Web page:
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Vineland (Classic, 20th-Century, Penguin)
Thomas Pynchon
Tristes Tropiques
John Weightman, Doreen Weightman, Patrick Wilcken, Claude Lévi-Strauss
Richard III
William Shakespeare
The Dwarf
Alexandra Dick, Pär Lagerkvist
The Collected Poems of Wilfred Owen
Wilfred Owen, Cecil Day-Lewis
Richard Wolin
Giotto to Dürer: Early Renaissance Painting in the National Gallery
Jill Dunkerton, Susan Foister, Dillian Gordon, Nicholas Penny
Michel Foucault: Beyond Structuralism and Hermeneutics
Hubert L. Dreyfus, Paul Rabinow
Gravity's Rainbow
Thomas Pynchon
A Gravity's Rainbow Companion: Sources and Contexts for Pynchon's Novel
Steven Weisenburger
Civilization and Capitalism, 15th-18th Century, Vol. I: The Structure of Everyday Life - Fernand Braudel, Sian Reynold (Not everyone will find this book easy to read. The author makes no concessions whatsoever to the reader. The book is crammed with place names and technical vocabulary from weaving, joining, planing, sailing, ploughing, leaching, waxing, glazing, coining, minting, metallurgy, etc. etc... none of which are ever located or explained. Readers of Whitman or Catullus, poets who revel in proper nouns, will not be troubled by this cornucopia of names. For me, the book was fabulous, rich, insightful... it is true that the author often seems to careen from topic to topic. But genius has the right to be careless. Ultimately, perhaps, Braudel does not have a solution to many of the items he discusses -- but he asked fascinating questions. That is often a cliché, to be sure -- but not in this case.)

I have never read a book quite like this one -- though I have often dreamt of it. The first volume of Braudel's C&C looks at the structures of everyday life: demographics, agricultural, wheat, rice, maize, beer, cider, forks, utensils, curtains, how flooring was done in the 16th and 17th century, ceilings, windows... how they opened, how high doors were, luxury, poverty, dress... and that is only in the first 3 chapters... It is astonishing....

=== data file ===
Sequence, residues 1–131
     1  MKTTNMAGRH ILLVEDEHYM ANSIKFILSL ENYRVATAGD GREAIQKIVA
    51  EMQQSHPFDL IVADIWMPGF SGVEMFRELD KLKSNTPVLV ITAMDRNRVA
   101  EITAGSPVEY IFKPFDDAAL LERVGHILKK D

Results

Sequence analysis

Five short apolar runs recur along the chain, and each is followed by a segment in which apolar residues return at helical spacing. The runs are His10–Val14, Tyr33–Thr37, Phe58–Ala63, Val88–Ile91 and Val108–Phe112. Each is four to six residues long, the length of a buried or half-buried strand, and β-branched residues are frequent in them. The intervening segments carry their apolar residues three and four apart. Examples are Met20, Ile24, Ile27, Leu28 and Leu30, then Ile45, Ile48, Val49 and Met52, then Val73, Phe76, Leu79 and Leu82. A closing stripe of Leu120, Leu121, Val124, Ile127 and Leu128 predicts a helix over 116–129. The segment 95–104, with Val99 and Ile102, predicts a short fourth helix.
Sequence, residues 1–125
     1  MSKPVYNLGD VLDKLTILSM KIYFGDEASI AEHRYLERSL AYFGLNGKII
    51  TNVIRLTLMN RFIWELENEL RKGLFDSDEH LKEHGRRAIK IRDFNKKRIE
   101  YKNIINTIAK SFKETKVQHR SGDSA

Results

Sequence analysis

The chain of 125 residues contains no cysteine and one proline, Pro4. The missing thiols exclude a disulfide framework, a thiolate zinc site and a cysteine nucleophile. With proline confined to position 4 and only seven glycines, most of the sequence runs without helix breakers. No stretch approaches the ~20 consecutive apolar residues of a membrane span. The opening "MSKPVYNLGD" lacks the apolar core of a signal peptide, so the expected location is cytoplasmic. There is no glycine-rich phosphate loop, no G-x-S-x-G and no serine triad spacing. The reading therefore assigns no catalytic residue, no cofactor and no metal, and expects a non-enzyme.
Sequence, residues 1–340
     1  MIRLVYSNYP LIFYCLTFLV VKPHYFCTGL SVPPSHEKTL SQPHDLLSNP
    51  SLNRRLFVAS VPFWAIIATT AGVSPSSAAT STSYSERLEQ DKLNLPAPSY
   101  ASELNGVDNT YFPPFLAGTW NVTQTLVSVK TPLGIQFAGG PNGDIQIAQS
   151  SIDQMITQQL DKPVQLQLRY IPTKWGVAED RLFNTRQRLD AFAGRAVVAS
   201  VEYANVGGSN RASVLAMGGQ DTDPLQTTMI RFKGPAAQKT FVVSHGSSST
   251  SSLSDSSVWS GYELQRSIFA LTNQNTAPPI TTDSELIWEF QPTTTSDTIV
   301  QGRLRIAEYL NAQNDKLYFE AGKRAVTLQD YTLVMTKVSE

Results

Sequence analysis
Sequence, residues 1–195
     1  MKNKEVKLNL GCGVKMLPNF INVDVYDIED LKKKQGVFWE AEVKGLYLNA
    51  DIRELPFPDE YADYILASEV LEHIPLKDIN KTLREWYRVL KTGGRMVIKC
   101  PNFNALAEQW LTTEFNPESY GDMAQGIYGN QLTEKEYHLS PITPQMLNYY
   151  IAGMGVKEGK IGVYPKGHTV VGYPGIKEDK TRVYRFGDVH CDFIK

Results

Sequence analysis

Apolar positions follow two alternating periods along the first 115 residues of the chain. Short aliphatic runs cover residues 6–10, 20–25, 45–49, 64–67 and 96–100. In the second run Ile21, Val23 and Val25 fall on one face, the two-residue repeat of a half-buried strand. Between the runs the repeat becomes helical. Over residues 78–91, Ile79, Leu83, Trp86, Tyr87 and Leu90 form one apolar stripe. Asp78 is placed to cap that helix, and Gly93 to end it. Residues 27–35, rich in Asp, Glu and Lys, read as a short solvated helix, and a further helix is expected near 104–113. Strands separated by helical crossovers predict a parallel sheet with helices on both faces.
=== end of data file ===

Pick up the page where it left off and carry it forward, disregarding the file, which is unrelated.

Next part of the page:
In addition, while weaving together this sundry material, the writing is suffused with such insights and genius -- that it has at times quite an effect. (Braudel is the man who wrote the entire first volume of his magnum opus, the Mediterranean, from MEMORY -- while imprisoned by the Germans during WWII...). To take just one example -- in his discussion of luxury, he talks about the treasures that are squandered for meaningless things -- the Chinese sending silver to Java and Vietnam in exchange for salted bear paws; the Spaniards spending their silver, won by the death of thousands... millions of Amerindians -- to the 'hated' Dutch in exchange for powdered wigs (for Spanish gentlemen...) -- and observes that a society that cannot spend its accumulated capital on extending productively the means of production thus is showing signs of senility, a phenomenon peculiar to an 'ancien regime'. I read this paragraph while observing the following facts this week: that a society that can spend $250 million making the special effects for a movie can't pay its teachers, train its students properly, or fix its bridges...; that a society that can underwrite (with tax-payer subsidies/backstops/etc.) $145 billion of end-of-year bonuses to otherwise teetering banks, can't find $6 billion to bail out its largest economy (California) -- that such a society is, in Braudelian terms, showing signs of senility and decay... perhaps terminal decay.

And that, as I say, is only in the first three chapters....

These chapters cover the most trivial elements, as chapter four and following start on the topics of energy, metallurgy, gunpowder, transportation, urban planning, etc... Volume II then deals with markets; Vol. III with the consolidation of capital. In sum, a really amazing book.

(I feel as if I have just stepped into a great cathedral...)